The Comstock would have its share of ups and downs, as most nineteenth century mining enterprises did. However, there were two thorny problems that continued to hinder the Bank RingÕs operation, and added to their staggering costs of doing business. The first was transportation. Getting men, equipment, and supplies up Sun Mountain to the mines, and unprocessed ore back down the mountain to the Carson River to where the mills had been relocated, was frightfully expensive, as independent teamsters, with their ponderous mule- or oxen-driven wagons, charged exorbitant rates. The second problem was acquiring enough timber and lumber to build the massive underground support system that deep-pit mining requires, and to construct the necessary mine and mill buildings, warehouses, homes, churches, and stores that the mines and the mining towns of Virginia City, Gold Hill and others required. Eventually, the Bank Ring would turn to Duane Bliss to help them solve both problems, and eventually make him as prominent and wealthy as the richest of the Bank Ring mining investors themselves.
The Bank Ring decided to tackle the transportation problem by building the Virginia & Truckee Railroad, or the V&T as it was commonly called. The little V&T would not only serve the Comstock’s needs but would eventually grow into an extremely profitable 89.2-mile line that also connected Virginia City to Nevada state capitol Carson City and to nearby Reno. The Bank Ring selected two men, Duane Bliss and Henry Marvin Yerington, to build the V&T. Neither man was a member of the Bank Ring and neither had the money or the political clout for that, but both were trusted lieutenants of the multi-millionaires who were members.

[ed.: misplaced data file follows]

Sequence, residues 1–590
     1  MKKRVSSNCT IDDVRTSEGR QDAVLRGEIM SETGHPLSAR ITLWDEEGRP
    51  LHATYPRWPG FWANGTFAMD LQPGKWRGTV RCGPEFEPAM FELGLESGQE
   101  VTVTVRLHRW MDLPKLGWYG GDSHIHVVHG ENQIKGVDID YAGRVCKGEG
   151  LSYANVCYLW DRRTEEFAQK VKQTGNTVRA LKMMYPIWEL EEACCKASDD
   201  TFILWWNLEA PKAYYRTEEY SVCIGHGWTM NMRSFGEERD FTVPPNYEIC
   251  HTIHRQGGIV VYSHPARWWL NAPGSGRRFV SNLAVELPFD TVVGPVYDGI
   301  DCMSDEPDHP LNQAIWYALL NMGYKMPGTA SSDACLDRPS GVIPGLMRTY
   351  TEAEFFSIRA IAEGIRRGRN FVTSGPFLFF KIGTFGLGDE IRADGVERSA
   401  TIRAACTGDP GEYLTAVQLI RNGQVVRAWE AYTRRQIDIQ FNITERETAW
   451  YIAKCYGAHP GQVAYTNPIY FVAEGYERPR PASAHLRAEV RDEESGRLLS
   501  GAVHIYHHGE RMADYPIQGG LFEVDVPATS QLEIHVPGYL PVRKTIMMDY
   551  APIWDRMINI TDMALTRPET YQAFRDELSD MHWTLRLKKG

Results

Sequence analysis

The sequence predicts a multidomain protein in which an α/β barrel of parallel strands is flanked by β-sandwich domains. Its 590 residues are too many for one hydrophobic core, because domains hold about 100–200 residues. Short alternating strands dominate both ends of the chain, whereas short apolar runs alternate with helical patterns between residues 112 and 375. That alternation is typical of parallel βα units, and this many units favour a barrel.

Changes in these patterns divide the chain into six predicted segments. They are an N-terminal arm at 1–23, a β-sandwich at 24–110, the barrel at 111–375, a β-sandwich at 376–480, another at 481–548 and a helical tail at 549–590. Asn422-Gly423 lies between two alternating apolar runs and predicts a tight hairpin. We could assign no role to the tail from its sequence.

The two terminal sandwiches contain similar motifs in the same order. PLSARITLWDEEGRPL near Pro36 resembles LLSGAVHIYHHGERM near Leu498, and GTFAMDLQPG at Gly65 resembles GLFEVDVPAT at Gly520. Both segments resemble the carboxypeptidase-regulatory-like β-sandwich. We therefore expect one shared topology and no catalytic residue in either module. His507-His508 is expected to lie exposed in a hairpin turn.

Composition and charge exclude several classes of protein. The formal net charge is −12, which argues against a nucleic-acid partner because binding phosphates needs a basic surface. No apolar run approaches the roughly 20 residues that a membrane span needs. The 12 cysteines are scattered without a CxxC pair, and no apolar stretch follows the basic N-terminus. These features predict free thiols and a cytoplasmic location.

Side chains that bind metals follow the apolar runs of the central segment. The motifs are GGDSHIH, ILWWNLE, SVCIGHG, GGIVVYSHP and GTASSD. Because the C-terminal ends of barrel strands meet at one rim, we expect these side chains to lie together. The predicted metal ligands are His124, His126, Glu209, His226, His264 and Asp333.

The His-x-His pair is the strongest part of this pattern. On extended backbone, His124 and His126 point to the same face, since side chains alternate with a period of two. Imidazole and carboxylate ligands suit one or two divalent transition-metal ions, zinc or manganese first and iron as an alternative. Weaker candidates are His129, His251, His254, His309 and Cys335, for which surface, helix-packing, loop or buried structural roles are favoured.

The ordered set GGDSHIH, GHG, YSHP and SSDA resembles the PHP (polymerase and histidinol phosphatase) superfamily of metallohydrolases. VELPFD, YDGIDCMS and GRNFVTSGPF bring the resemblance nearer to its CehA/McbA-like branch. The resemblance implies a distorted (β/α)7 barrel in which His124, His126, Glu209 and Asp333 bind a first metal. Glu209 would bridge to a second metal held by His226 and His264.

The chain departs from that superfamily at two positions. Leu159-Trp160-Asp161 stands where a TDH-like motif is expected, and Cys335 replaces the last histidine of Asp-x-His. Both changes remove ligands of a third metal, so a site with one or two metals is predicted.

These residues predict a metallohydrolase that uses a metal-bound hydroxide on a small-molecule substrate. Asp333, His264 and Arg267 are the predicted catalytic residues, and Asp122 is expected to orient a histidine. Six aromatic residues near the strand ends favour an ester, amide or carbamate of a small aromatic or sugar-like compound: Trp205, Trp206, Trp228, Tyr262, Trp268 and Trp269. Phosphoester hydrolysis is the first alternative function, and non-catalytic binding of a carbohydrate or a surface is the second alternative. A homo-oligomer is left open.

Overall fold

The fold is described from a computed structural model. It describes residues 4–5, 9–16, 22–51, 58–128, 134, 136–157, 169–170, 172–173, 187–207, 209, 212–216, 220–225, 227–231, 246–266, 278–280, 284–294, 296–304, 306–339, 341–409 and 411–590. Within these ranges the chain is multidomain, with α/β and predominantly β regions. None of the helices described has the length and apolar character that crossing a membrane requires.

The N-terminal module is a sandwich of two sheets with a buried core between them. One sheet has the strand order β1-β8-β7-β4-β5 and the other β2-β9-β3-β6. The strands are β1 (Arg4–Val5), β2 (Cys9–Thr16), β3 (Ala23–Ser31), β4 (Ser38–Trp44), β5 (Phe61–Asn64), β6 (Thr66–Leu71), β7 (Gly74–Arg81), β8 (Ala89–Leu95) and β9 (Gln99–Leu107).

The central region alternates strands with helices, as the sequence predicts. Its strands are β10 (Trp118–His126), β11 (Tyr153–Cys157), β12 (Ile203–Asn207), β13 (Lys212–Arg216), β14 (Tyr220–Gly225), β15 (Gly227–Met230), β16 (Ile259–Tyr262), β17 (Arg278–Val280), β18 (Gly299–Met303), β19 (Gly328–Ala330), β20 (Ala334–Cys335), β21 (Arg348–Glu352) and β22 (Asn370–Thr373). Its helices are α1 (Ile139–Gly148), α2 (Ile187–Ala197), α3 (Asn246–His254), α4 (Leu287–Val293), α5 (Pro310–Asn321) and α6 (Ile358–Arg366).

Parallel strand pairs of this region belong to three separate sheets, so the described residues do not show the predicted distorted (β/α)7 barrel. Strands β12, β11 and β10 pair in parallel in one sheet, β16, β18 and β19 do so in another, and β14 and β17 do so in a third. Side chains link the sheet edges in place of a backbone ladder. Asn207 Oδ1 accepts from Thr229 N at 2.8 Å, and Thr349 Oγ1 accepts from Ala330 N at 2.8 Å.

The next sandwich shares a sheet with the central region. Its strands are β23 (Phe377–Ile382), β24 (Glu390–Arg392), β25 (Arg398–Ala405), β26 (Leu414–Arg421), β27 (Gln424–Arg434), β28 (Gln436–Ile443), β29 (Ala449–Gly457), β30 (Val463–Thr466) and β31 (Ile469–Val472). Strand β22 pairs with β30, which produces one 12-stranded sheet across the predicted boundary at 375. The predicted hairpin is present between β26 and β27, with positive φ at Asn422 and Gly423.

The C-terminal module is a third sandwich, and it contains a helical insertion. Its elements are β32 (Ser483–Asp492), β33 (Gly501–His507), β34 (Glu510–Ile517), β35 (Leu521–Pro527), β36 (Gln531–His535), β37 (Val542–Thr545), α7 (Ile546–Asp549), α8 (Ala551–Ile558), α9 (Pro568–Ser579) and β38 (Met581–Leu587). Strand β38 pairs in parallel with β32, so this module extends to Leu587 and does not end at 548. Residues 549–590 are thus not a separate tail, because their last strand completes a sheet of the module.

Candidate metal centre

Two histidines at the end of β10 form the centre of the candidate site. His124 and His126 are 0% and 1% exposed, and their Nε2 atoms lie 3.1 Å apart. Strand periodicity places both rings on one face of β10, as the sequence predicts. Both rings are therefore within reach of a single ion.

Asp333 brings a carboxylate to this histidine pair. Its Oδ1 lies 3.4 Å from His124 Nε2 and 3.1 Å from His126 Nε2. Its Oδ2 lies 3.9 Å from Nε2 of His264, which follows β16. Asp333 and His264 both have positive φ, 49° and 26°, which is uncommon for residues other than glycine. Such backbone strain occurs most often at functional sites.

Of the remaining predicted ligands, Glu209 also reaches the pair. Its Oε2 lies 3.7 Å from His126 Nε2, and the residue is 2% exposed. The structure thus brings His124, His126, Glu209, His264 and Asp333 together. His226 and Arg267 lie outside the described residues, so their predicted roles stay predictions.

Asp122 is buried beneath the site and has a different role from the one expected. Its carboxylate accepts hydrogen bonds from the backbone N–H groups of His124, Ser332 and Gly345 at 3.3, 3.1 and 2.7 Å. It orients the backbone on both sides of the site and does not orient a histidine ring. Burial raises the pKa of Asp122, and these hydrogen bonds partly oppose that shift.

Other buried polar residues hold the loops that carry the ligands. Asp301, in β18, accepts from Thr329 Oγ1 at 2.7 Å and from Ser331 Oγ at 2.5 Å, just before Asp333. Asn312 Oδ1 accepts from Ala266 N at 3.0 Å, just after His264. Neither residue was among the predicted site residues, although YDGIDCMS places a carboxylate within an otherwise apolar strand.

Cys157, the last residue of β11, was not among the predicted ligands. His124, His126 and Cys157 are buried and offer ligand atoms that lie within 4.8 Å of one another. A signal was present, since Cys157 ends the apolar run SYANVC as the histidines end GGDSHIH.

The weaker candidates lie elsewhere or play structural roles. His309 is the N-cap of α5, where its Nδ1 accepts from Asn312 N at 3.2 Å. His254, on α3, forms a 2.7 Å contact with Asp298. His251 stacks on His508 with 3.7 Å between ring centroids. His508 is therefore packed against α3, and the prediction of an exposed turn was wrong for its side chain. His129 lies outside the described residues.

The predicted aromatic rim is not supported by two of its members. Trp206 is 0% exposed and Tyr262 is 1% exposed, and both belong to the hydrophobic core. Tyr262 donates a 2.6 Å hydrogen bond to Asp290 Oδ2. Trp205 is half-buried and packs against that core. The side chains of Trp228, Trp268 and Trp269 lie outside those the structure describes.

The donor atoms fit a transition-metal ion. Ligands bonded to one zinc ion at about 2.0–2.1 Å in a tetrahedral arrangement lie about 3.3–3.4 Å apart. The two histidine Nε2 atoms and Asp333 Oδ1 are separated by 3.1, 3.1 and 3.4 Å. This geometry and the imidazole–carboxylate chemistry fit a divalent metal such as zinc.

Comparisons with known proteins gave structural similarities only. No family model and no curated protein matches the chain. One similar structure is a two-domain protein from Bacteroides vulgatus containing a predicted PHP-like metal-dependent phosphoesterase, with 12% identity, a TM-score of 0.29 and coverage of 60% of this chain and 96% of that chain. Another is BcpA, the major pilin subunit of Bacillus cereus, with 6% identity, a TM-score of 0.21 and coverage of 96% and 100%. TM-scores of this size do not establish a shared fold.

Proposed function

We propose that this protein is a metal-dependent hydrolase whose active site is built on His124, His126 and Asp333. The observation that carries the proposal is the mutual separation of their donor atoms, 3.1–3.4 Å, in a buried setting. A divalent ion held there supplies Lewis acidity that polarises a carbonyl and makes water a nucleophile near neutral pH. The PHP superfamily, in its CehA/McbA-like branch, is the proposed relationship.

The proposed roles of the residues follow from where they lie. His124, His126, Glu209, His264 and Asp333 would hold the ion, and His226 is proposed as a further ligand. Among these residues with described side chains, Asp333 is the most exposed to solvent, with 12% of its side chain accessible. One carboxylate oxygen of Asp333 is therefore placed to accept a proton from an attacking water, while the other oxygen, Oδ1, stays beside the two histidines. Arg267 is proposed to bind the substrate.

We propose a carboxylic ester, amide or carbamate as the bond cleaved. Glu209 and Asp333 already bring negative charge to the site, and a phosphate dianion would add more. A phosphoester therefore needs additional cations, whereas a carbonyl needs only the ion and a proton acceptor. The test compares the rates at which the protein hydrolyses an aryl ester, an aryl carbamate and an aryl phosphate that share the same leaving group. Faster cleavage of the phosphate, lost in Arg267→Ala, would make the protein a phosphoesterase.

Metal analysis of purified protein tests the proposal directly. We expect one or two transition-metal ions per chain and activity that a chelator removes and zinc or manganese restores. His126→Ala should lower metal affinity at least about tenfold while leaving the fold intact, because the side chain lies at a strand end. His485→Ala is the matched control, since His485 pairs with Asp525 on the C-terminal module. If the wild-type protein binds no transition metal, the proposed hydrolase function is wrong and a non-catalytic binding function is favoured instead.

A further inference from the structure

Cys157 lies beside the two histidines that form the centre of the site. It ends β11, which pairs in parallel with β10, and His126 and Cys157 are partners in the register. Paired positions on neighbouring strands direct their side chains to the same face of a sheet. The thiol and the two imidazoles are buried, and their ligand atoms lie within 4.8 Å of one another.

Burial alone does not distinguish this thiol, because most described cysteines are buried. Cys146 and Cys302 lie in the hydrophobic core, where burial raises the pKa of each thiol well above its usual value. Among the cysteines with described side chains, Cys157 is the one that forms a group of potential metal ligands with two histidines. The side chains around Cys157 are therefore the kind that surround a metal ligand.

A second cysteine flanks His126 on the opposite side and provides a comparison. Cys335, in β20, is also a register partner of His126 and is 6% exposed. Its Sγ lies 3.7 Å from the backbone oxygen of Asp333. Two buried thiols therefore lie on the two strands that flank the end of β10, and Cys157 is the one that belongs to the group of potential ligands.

By 1869, charter in hand, Bank Ring leaders got the project under way. Bliss’s first job was to secure all the necessary rights-of-way for the V&T’s track; and following that he was appointed superintendent of construction at the Virginia City end of the line, while Yerington took a similar position at the Carson City end. Eventually Yerington would be made general superintendent of the entire railroad, as the Bank Ring had another job in mind for Bliss. But before that happened Bliss would also serve as paymaster, general supply agent, and eventually a member of the board of directors of the railroad. He was also dispatched to Carson City to handle the arrangements for devising and building a massive lumber storage yard south of the city, where today the marvelous Nevada State Railroad Museum sits.